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Why keep working?

"I don't know what I would do if I didn't work," said my 72-year-old family member recently. She is not alone.

Because we are living longer and healthier than in previous generations, the employment of workers over 65 has increased dramatically. According to the U.S. Bureau of Labor Statistics employment of workers 65 and over increased 101 percent between 1977 and 2007, compared to a much smaller increase of 59 percent for total employment (16 and over).

In the past 10 years, the number of employed people age 65 and older rose from 4.3 million in 2002 to 7.2 million this year. The number of working seniors age 75 and older is now 1.3 million, up 41.2 percent from a decade ago. Most current employees think they'll work longer too, according to the 2012 Employee Benefit Research Institute (EBRI) Retirement Confidence Survey. Back in 1991, only 11 percent of workers said they expected to retire after age 65, while in 2012 that number has grown to 37 percent.

While many retirement age people keep working or anticipate that they will need to work due to economic need, you may be surprised to know that older workers head to the office for lots of other reasons. The EBRI found that 92 percent of those who worked beyond the traditional retirement age of 65 do so because they want "to stay active and involved," and 86 percent say they "enjoyed working." From my conversations with family and former clients, it seems like going to work every day for three or four decades brings with it an appreciation for the social interaction and skills development that a career in the workplace provides.

The problem for some people is that they may not realize they're not ready for retirement until it's too late and they have already given up their jobs. Many retirees become a bit lost without work as an anchor in their lives. Even with rich social lives and outside interests, it's difficult to suddenly downshift from a life dominated by work into one that is unstructured.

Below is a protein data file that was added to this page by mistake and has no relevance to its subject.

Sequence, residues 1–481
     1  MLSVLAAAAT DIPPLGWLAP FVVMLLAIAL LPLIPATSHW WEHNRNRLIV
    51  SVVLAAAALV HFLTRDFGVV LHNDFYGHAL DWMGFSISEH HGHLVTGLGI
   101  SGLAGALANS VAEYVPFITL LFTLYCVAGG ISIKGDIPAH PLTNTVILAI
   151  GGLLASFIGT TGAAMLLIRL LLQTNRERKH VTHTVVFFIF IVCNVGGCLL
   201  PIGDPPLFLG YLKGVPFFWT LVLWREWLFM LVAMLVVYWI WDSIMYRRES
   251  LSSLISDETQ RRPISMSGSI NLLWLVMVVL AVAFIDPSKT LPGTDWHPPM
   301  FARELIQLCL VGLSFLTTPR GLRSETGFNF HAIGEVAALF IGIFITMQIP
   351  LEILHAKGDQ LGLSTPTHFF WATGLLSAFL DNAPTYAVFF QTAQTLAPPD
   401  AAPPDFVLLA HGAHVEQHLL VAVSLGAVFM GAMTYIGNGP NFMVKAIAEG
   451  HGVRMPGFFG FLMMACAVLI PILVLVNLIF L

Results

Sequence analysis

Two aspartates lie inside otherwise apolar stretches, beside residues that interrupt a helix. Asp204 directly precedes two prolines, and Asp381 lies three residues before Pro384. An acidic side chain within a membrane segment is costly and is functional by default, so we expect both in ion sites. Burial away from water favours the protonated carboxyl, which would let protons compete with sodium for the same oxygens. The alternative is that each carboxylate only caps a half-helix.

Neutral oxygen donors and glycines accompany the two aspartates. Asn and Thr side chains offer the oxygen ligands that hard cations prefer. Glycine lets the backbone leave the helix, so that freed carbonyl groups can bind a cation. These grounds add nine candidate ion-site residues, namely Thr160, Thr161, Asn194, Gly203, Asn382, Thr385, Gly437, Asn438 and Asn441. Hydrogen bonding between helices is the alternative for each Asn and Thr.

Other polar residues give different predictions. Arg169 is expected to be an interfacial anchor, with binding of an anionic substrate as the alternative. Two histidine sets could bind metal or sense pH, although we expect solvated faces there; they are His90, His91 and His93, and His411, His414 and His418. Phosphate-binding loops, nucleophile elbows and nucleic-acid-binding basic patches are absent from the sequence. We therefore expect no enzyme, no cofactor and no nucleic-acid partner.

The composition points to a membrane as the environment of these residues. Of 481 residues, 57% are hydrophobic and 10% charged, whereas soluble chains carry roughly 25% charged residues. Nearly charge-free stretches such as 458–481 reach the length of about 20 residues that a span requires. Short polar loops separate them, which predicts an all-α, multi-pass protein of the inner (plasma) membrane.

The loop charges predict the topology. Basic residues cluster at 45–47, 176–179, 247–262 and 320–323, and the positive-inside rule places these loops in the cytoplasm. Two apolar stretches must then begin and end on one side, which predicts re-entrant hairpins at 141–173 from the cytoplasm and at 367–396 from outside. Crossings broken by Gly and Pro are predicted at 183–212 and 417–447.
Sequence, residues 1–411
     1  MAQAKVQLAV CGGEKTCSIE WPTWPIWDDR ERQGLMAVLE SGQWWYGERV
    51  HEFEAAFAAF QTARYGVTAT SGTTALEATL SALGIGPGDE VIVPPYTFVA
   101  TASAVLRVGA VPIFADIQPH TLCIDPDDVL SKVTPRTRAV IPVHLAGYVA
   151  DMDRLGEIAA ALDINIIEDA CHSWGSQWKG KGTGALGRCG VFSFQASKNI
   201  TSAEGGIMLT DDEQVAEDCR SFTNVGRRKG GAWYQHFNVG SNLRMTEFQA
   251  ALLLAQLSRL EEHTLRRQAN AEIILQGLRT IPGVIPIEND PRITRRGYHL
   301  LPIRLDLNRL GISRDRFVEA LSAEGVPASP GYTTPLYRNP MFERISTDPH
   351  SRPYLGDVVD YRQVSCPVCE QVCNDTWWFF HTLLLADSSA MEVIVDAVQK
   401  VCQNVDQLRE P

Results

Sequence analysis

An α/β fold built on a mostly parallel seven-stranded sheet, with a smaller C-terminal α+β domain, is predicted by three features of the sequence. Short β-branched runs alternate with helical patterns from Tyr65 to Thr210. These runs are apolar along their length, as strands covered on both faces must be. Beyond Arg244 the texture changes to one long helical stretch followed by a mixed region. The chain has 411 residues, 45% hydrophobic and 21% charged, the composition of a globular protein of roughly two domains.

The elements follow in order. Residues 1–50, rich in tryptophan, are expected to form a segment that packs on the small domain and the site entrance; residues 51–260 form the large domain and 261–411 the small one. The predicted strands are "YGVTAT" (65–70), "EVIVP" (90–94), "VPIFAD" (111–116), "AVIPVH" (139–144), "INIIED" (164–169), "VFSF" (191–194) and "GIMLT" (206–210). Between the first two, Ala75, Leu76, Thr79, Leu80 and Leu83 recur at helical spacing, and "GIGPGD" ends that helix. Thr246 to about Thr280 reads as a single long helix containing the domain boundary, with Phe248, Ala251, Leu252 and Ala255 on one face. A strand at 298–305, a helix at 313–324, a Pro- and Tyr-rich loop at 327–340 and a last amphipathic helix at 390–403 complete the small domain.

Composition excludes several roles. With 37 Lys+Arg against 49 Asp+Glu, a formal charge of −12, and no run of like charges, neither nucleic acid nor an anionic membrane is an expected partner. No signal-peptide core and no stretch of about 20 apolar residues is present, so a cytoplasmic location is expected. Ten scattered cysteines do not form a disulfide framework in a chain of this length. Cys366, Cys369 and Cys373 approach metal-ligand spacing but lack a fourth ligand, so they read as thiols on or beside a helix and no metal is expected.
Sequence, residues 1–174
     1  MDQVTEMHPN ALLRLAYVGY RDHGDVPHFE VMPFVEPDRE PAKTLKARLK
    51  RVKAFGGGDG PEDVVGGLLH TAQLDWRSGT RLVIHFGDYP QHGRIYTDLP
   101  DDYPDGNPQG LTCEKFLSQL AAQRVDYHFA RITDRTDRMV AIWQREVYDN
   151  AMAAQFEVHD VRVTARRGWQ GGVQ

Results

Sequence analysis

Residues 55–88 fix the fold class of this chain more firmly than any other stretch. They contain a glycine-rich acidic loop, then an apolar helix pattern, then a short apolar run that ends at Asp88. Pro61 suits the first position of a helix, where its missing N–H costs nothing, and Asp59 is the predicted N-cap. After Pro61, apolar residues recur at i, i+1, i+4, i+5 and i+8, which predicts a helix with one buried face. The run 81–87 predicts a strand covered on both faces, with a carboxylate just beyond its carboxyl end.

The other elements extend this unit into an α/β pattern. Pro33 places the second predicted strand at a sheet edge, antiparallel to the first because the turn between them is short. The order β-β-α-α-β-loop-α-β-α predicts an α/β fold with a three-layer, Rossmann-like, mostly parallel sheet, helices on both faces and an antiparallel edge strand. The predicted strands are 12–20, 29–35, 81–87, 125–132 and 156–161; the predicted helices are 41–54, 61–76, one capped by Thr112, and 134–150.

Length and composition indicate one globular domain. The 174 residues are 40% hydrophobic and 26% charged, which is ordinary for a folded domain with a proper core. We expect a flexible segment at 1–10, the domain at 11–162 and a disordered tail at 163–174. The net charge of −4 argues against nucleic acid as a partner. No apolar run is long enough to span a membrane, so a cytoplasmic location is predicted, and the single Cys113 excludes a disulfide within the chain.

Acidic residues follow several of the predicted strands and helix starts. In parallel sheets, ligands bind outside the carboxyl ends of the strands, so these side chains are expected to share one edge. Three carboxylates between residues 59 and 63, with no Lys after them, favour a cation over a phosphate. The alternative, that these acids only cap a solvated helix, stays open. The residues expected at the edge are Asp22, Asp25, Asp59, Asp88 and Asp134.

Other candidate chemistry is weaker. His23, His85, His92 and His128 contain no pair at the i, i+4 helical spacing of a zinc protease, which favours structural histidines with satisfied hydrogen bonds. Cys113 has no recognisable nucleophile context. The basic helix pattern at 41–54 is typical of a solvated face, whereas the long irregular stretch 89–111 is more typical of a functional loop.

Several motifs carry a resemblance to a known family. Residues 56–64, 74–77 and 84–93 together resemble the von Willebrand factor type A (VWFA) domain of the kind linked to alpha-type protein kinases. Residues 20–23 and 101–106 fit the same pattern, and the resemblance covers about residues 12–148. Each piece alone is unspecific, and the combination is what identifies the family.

One thing is clear: Once you give up your job, it's hard to land the next one. With 12.7 million Americans seeking employment, the competition is stiff. As of March, there are 3.6 unemployed people for every job opening available. While the ratio has dropped as the labor market has improved over the past three years, the ratio is usually 2 to 1 in a healthy job market.

This means that, like most job seekers, the post-retiree set will likely face a big pay cut if they choose to re-join the labor market. According to a recent Rutgers University study, just 7 percent of those who were let go during the recession have regained their previous income. A little over half reported taking a pay cut - and of those, 29 percent took a reduction in salary of 30 percent or higher.

So, what's the answer? I learned a lot from one of my former clients, who navigated the worker-to-retirement period by suggesting a novel plan to his boss. He said, "I want to move from the starting rotation to being a closer." This is an apt baseball analogy--as a pitcher ages, he knows that he has tremendous experience, wisdom and a strong work ethic, but his body simply can't do what it once could. At age 65, my client suggested that he reduce his schedule to three days a week and help train the younger staff, and as a bonus, he would gladly be a "consultant" with no benefits. This worked perfectly, since he was eligible to get health insurance through Medicare.

While there are tangible benefits to working, like money and keeping your mind active, there are also intangible benefits, like being part of a team and being the "go-to" person for advice of all kinds. Before you give up your day job, carefully consider what you could be losing in the bargain.

Distributed by Tribune Media Services, Inc.